Bitcoin will never amount to more than a drop in the bucket in the international money laundry trade.

Re:So, does that mean that bitcoin is the new cash

By Bert64 • Score: 5, Insightful • Thread

It's not used because it isn't traceable, it's used because it isn't reversible and can be transferred over distances.

Most perpetrators of such crimes will be located thousands of miles away from their victims, outside of the jurisdiction of any law enforcement agency the victims might be able to go to and outside the physical reach of any vigilante justice an angry victim might try to deliver.

The perpetrator doesn't really care that he can be traced, as there's nothing you can do with that information. What he's more concerned with is that you could stop/reverse the transfer and deny him his spoils.

Re:Fuck you, Christine.

By Applehu Akbar • Score: 4, Informative • Thread

Gold was useful as currency in pre-technological times when the stock of goods for trade in the world grew only at the same glacially slow rate that new gold was mined. In the 19th century, when exploding technology began to make the whole economic pie larger, there was a series of financial crises in industrial countries caused by there not being enough gold. They tried adding silver to gold ("bimetallism") as a monetary basis, and eventually had to go to fiat currencies whose supply was determined by a central bank of issue in each country. Gold then became a storehouse commodity.

Re:Should be illegal

By ledow • Score: 4, Informative • Thread

There's no need to make it illegal. That would be like making possessing flour illegal because some criminals are converting their monies to flour in order to sent it internationally and then convert it back to cash.

What you do is exactly what they've done - implementing money laundering rules which means that banks etc. do not deal with things that they don't know the origin/destination of.

Paypal say they're going to take Bitcoin. But only between registered Paypal users. There's a reason for that - they're an EU bank and they're required to know who their customers are so that money trails can be followed.

Bitcoin is just a way to - quite literally - launder that information away so that source/destination are unknown. Which is the prime indicator/vector of money laundering.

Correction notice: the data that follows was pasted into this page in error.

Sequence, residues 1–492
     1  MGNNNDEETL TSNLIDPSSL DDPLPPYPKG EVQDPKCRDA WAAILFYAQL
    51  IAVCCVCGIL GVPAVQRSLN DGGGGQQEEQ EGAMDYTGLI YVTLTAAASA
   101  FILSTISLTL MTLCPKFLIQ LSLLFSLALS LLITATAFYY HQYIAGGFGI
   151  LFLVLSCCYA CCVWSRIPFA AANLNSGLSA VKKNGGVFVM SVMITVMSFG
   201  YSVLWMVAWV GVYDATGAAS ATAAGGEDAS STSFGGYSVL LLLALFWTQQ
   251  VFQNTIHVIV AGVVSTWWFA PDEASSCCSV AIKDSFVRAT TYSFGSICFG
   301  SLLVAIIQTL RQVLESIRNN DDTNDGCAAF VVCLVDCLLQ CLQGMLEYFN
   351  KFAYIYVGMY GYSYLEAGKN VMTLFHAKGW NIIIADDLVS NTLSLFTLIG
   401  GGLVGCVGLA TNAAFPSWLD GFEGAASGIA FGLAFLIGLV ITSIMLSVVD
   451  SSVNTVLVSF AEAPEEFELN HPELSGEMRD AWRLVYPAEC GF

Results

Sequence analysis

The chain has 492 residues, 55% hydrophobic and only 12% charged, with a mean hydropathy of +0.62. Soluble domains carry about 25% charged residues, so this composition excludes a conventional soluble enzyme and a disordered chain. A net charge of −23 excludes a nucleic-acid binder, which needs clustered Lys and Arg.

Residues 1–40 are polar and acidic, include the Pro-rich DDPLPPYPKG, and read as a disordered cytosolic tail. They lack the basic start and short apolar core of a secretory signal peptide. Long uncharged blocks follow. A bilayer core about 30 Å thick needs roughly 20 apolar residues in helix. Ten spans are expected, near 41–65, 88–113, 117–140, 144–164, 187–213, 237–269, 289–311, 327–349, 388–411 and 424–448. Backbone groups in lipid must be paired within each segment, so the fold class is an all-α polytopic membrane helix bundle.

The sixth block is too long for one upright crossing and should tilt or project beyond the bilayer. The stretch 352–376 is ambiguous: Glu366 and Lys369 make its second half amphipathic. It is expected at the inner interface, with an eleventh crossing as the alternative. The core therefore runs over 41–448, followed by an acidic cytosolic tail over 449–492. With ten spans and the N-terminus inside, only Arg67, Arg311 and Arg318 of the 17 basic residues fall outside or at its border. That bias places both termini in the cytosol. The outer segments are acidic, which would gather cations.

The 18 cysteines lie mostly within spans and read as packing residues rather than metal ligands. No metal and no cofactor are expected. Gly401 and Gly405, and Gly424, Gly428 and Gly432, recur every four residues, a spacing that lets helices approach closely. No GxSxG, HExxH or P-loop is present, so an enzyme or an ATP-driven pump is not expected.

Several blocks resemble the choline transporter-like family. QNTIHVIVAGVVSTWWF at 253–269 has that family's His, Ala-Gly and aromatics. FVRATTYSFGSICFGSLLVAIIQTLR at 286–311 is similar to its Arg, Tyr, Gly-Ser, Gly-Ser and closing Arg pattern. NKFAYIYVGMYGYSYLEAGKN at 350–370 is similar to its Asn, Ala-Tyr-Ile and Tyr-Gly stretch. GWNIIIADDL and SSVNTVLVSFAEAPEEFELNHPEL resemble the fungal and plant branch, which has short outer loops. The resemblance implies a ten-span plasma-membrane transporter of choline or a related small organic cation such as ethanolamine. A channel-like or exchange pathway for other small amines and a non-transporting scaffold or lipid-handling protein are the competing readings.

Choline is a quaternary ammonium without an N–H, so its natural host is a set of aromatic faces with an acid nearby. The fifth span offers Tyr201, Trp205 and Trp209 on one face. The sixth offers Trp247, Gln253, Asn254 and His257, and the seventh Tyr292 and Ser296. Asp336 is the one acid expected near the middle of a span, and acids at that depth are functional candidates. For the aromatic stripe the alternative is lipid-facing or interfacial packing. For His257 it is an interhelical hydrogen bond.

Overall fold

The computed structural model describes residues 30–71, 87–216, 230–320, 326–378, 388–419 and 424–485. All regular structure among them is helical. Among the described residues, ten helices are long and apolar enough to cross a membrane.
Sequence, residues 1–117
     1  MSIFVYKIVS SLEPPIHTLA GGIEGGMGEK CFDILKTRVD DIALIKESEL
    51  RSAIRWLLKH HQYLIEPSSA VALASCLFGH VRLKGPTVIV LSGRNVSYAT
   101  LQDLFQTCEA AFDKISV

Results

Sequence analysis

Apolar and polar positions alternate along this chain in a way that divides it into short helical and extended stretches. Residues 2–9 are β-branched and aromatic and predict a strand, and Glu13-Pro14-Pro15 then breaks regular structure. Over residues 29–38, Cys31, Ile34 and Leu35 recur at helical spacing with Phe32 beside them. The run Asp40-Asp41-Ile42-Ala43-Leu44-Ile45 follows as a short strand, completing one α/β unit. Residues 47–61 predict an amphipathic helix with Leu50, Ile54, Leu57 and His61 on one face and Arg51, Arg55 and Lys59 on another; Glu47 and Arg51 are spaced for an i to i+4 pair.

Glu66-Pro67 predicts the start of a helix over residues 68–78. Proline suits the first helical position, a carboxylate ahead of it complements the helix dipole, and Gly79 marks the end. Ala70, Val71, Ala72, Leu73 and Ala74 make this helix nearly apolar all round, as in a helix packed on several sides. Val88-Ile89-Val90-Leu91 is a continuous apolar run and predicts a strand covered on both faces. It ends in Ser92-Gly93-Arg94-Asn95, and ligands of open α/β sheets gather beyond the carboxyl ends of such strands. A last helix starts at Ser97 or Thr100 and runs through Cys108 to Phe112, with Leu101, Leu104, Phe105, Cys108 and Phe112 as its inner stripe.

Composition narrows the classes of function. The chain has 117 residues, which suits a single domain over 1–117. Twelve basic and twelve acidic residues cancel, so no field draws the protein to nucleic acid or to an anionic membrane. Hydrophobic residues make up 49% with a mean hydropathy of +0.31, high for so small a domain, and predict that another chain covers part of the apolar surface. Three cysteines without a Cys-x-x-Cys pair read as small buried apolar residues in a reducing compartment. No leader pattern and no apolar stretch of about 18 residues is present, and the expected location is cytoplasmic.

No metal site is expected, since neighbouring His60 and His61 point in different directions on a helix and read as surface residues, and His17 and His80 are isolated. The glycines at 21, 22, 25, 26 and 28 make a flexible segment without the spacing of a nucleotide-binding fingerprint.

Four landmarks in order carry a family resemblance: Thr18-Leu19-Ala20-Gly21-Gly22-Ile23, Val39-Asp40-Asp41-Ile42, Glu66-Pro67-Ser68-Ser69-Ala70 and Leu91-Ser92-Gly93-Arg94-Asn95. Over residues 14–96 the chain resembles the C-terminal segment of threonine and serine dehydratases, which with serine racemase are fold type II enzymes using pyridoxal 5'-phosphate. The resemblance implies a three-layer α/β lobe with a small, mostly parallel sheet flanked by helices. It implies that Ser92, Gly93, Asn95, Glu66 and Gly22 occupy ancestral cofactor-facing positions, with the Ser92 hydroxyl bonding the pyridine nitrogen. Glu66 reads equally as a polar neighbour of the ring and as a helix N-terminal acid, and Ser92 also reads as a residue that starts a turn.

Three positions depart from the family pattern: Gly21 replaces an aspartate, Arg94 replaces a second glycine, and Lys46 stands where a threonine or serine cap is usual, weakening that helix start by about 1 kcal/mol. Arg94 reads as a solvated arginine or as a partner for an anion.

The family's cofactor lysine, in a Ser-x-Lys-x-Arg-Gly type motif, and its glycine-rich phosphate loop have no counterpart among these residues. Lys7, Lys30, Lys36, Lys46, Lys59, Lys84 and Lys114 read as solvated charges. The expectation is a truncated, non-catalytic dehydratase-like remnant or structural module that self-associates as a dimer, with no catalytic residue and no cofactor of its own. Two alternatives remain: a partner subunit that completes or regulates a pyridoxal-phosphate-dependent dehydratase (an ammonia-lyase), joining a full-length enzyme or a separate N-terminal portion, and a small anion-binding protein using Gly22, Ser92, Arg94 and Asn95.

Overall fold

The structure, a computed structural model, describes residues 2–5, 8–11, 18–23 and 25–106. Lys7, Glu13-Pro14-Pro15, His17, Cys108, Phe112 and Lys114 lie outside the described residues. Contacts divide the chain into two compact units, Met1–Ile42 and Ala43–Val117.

And the anti-money-laundering laws are all there. Some banks won't even let you fund an account with an online Bitcoin wallet, or accept money back from Bitcoin exchanges - they block the transaction because the entity at the other end doesn't co-operate in money-laundering investigations so they get blacklisted. I had a pittance of Bitcoin in an old wallet and the only way to get it out - after weeks of trying - and into something I could spend was to trust a random, unknown third-party off-shore website to convert it to an Amazon voucher for me. Quite literally a risk, because I'm reliant on them to take my money and return a legitimate voucher and I have no idea who they are! The only other options for me were dealing with untraceable private individuals on the basis of a 5-star rating on an untraceable website, where - again - I send them the Bitcoin and hope that they then recompense me into my bank somehow. And even then - the banks warn that things like that are dodgy and they may refuse the transaction.

And what people miss - money laundering isn't about drug-dealers and smugglers. Those people could pay in stolen jewellery or melted down gold or weapons. Currency is probably the antithesis of their operation.

It's tax evasion that they're worried about. And if there's one thing you don't want to be investigated for, hounded for, subject to audit for, etc. then it's tax evasion. That's how they got Capone, remember.

Bitcoin will just roll on, alternatives will come and go, people will trade and barter in anything that's available - including Bitcoin - but at the end of the day you either have to find someone willing to put their name to transactions and provide services which are visible to banking, tax authorities, etc. and subject to money-laundering, or you have to deal on what is effectively a black market and trust.

TikTok: All Under-16s' Accounts Made Private

Posted by BeauHDView on SlashDotShareable Link